R.L. Fair, Hog ButcherI included two excerpts from Hog Butcher in my book Black Writing from Chicago, the first excerpt a surprising essay interlude appearing half-way through the book.  It sets the novel’s particular action against a history of social class and the Great Migration of Blacks from the South in the early 20th Century.  It excoriates the pretensions and weakness that, according to Fair, beset many of those early migrants and their children.  “They came to Chicago forty, fifty years ago like a school of black minnows frantically dashing away from danger,” the excerpt begins.  They then

“…shouldered their way in and mingled with the foreigners and fought the aliens for jobs, and won the jobs as they won the negative respect of the established citizens.  They squeezed their way as close to the existing social structure as they were allowed to go, and then they settled back and prospered and raised children and taught their children not to fight, not to resist, but to accept their limited progress as the end of the evolutionary pattern.  They grew weak and mellowed from their success, and their children never developed hearts or shoulders or minds, and were gutless.

“Their children refused to involve themselves with trivial things like politics or social improvements and pulled in the fences that surrounded their tiny ranch houses.  Their children tightened the requirements for entrance into their sick social clubs.  At first they only wanted light skin and straight hair.  Then they added a college degree to the light skin and straight hair.  Then they added a minimum salary.  Then they added the possession of a Buick.  Then they added the Cadillac.  They had arrived; they had reached the top of their limited world and they were scared shitless.”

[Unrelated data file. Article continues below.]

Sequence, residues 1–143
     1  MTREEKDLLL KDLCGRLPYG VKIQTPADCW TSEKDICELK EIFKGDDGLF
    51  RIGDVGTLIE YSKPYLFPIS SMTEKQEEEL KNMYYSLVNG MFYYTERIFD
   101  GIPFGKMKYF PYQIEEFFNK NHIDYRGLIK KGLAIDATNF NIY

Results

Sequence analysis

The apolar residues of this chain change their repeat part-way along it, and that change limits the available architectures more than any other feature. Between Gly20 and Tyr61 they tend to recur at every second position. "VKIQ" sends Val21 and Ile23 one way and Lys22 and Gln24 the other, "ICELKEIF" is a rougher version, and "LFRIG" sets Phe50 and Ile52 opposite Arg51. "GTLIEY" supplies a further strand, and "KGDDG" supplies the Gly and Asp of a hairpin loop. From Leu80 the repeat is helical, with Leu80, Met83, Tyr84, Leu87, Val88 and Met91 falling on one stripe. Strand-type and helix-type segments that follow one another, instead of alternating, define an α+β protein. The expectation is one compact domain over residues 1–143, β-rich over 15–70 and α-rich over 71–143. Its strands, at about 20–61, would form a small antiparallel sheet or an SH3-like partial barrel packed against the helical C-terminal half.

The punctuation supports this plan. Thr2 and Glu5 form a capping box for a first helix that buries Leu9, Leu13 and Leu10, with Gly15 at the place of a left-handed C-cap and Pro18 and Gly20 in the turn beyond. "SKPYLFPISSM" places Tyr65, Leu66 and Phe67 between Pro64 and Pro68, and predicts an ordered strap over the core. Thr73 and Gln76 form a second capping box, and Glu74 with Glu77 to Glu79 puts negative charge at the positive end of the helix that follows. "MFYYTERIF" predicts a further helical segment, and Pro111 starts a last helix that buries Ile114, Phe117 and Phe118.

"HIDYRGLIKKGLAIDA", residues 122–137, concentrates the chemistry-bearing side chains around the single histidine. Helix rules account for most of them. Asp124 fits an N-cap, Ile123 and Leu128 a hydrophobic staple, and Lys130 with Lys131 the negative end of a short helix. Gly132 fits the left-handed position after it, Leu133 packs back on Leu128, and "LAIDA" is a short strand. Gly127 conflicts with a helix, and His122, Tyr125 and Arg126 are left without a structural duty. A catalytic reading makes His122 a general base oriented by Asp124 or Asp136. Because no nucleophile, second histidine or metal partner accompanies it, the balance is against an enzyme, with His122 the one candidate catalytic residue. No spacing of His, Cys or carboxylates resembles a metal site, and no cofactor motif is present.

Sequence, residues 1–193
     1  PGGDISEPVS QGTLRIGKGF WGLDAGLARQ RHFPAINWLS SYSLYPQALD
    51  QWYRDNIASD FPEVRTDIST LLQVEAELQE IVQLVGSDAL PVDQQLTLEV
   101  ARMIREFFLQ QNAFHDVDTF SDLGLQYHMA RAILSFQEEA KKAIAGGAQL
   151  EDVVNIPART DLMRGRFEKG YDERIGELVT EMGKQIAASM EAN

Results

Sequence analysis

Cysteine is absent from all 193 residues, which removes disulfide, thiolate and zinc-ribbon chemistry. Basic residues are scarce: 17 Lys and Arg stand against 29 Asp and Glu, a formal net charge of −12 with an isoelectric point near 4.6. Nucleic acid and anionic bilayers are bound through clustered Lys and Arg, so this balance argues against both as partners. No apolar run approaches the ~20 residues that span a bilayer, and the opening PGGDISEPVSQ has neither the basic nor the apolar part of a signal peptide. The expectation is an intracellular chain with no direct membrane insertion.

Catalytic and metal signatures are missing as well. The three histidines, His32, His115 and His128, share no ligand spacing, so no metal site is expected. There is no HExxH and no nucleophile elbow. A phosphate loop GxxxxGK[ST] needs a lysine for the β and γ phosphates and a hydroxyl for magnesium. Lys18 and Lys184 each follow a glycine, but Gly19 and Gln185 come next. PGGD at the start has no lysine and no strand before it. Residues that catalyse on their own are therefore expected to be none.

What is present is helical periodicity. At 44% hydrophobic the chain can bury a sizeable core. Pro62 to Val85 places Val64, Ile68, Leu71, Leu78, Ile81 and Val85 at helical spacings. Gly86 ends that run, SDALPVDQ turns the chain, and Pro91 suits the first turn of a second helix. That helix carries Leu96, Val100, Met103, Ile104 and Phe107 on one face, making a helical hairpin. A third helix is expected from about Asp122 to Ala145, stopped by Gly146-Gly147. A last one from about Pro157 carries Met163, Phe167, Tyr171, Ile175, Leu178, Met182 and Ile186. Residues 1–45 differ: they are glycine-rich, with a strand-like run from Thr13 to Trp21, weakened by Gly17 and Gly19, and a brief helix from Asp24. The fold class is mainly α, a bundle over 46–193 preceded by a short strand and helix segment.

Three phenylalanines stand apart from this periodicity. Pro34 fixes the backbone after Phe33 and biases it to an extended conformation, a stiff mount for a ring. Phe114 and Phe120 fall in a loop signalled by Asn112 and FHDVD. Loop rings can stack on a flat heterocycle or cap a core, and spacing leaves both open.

The second excerpt illustrates that “gutless” history by focusing on Larry Atkins, a Black Chicago police officer close enough to the killing to be a decisive factor in uncovering the truth that is being lost in a clumsy cover-up.  Will Atkins rise to the challenge?  That is the question that occupies much of the book’s second half.  At first, Larry dreams of becoming a teacher, helping kids, uplifting the neighborhood, but he’s worn down by neighborhood crime, he’s shot, he’s knifed.  He gives up.  I end my excerpt with these words:

“He found himself wanting to be something other than a black man and finally succeeded in convincing himself that he had nothing in common with these people except color, which was purely an accident of birth…He would finish school and he would become a teacher, but not because he was dedicated, not any longer…He would take up teaching because he wanted to break all ties with that animalistic world, and becoming a professional man would make the break final.  This would put him at the very pinnacle of his middle-class society, and he would never look back again.”

The subtitle of Black Writing from Chicago is “In the World, Not of It?  You can read that Introduction Here, paying particular attention to the idea that the controversy over how much Blacks should want to be part of “the World”—that is, a society which they have so largely made, but which so virulently shuts them out—boils down to attitudes about middle-classness (see below).  It’s a way up and out, but at what price?  This argument, this complex dilemma, runs through the book like, as one critic put it, a “charged current.”

Read Leanita McClain and Barack Obama on “Middle-Classness.”

Read Haki Madhubuti on whether Black Men are “obsolete.”

 Go to a list of Black Writers written about on this site, and to the Teaching Diversity main page.